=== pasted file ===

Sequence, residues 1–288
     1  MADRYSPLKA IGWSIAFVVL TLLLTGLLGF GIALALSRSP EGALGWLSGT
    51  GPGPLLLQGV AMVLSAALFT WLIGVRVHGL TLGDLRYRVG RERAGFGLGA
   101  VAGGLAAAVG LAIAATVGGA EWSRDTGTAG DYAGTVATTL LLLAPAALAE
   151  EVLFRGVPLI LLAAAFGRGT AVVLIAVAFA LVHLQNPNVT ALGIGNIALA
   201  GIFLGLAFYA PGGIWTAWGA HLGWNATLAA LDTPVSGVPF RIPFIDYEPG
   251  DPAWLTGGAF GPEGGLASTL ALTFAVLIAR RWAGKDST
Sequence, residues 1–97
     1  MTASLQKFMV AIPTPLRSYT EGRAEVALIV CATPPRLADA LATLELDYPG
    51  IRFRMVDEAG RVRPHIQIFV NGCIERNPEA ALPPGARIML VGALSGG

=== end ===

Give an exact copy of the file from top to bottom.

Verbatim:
Sequence, residues 1–288
     1  MADRYSPLKA IGWSIAFVVL TLLLTGLLGF GIALALSRSP EGALGWLSGT
    51  GPGPLLLQGV AMVLSAALFT WLIGVRVHGL TLGDLRYRVG RERAGFGLGA
   101  VAGGLAAAVG LAIAATVGGA EWSRDTGTAG DYAGTVATTL LLLAPAALAE
   151  EVLFRGVPLI LLAAAFGRGT AVVLIAVAFA LVHLQNPNVT ALGIGNIALA
   201  GIFLGLAFYA PGGIWTAWGA HLGWNATLAA LDTPVSGVPF RIPFIDYEPG
   251  DPAWLTGGAF GPEGGLASTL ALTFAVLIAR RWAGKDST
Sequence, residues 1–97
     1  MTASLQKFMV AIPTPLRSYT EGRAEVALIV CATPPRLADA LATLELDYPG
    51  IRFRMVDEAG RVRPHIQIFV NGCIERNPEA ALPPGARIML VGALSGG